You might expect that the Legislature, our well-paid, elected representatives, would be most keenly concerned with the economy and trying to figure out how to make things better.
Well, once in a while they do show signs of being interested in that, but yesterday … not so much. The governor was forced to postpone efforts to get approval for a new bridge over the Detroit River, a project that would cost Michigan nothing and create at least 10,000 jobs. He doesn’t yet have the votes.
Gov. Rick Snyder told the Free Press on Wednesday that a TV ad campaign attacking plans for a second bridge to Canada reminds him of misleading campaign attacks on him in last year's race for governor.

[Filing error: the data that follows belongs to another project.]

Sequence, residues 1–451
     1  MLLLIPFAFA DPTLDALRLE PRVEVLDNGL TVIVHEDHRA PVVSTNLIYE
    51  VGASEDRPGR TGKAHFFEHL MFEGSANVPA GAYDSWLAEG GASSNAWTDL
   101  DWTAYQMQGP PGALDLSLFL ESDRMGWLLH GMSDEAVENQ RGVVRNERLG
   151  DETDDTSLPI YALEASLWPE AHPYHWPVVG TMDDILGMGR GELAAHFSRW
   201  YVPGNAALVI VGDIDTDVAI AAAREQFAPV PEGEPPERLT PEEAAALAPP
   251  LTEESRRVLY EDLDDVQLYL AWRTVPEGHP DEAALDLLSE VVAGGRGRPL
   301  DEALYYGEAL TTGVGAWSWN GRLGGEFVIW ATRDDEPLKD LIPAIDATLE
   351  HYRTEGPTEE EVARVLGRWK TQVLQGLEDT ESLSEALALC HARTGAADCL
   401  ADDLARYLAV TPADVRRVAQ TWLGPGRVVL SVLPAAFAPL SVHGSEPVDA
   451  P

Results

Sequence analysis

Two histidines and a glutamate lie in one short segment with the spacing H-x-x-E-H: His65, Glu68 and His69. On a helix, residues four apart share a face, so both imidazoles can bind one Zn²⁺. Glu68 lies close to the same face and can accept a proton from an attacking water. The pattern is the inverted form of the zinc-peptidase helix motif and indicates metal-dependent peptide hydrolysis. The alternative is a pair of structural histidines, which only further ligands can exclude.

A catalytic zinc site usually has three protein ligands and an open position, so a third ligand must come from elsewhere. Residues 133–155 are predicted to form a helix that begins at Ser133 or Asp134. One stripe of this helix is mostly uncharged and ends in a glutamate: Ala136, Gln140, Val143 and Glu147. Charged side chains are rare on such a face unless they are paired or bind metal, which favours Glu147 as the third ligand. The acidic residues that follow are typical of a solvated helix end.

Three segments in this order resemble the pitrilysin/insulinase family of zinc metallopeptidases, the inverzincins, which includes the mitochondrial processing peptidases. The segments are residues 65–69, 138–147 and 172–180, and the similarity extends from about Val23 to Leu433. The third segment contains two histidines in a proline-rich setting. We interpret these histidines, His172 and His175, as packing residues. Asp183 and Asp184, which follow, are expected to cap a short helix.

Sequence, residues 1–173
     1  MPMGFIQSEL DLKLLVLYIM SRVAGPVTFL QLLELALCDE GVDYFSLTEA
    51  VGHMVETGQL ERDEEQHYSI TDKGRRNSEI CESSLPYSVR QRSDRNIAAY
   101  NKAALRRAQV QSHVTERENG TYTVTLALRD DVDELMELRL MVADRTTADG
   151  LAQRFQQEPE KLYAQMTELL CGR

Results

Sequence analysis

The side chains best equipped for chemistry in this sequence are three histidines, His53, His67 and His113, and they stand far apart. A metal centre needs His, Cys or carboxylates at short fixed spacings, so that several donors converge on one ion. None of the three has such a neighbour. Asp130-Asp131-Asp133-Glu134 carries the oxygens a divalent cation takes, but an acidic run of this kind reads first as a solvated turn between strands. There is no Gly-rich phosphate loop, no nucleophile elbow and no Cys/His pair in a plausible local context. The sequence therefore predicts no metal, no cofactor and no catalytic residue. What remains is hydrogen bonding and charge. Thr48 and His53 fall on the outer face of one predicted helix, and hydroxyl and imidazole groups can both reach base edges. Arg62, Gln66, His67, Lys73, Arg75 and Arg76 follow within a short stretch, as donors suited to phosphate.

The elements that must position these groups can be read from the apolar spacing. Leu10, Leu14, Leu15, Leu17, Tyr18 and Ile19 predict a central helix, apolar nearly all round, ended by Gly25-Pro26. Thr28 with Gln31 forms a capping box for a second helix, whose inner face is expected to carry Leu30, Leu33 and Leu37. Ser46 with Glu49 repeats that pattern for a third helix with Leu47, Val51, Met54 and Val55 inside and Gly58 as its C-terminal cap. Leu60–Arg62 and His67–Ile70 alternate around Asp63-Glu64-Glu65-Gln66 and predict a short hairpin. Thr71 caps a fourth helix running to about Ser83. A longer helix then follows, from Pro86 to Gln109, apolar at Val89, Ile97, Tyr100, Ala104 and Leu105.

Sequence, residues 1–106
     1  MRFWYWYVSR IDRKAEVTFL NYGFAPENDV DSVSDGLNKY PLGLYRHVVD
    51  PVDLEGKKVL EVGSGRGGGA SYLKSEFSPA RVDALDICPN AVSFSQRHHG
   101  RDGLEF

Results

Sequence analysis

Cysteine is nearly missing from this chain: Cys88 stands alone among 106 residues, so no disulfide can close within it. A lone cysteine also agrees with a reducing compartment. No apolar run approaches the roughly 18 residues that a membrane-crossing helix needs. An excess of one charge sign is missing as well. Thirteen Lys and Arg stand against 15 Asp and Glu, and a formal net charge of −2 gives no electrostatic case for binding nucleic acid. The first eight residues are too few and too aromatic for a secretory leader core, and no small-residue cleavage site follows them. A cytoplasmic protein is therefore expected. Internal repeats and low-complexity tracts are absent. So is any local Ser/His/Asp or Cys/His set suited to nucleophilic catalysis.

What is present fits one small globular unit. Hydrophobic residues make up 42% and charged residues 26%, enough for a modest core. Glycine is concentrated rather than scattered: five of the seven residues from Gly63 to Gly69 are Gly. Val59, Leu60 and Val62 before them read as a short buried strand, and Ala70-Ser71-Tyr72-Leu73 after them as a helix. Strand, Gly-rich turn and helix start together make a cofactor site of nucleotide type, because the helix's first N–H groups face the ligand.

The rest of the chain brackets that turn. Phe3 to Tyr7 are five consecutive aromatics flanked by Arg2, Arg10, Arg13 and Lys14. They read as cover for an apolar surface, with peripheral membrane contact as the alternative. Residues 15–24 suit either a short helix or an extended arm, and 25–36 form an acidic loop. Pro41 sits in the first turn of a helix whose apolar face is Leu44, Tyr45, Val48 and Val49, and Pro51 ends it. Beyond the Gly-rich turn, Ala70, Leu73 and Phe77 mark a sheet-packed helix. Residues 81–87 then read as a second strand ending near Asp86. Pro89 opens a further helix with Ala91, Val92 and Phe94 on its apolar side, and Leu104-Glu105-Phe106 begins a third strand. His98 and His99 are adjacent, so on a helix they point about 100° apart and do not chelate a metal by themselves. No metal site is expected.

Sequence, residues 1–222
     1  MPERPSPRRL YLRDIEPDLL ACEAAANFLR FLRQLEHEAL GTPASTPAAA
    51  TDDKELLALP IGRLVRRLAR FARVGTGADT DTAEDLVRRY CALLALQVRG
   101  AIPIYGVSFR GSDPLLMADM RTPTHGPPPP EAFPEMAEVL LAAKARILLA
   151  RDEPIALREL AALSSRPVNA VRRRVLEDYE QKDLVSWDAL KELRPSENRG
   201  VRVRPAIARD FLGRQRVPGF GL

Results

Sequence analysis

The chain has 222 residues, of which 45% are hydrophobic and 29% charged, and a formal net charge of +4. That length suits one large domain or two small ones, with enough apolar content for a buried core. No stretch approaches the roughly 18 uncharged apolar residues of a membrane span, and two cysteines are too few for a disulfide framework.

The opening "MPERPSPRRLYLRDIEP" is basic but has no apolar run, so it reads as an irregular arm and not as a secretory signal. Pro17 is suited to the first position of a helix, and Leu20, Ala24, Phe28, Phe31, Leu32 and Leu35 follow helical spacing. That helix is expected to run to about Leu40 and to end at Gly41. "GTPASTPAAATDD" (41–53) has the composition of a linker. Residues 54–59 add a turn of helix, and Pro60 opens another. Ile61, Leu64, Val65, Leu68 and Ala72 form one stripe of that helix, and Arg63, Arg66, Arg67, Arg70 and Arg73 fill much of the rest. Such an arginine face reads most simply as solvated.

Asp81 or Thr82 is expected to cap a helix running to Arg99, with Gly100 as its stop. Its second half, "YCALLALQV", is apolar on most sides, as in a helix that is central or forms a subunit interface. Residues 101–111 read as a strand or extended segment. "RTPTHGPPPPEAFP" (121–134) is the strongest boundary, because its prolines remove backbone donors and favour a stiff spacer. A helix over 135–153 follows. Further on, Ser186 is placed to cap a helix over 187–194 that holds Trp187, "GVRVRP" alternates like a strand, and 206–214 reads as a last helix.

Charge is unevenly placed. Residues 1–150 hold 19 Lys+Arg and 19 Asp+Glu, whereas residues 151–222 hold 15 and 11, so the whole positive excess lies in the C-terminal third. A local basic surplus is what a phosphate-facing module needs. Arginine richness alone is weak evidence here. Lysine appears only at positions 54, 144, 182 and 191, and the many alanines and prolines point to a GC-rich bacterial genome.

"It's inaccurate," he said of the ad's claim that the public project connecting Michigan and Canada would cost state taxpayers $100 million a year.
The ad is paid for by the owner of the Ambassador Bridge, Manuel (Matty) Moroun, who said in a front-page Free Press report Wednesday that Snyder's advocacy for the public bridge would kill Michigan jobs, notably at his companies.
Moroun wants to build his own second Detroit-Windsor span, but the Canadian government won't let him build the span because of traffic, legal and environmental concerns. Snyder said two bridges would be viable…
Snyder said a new bridge, built by a private builder, would stimulate commerce. But, he said in a wide-ranging interview, his top priority is balancing the state budget and enacting tax changes he said will lead to more jobs.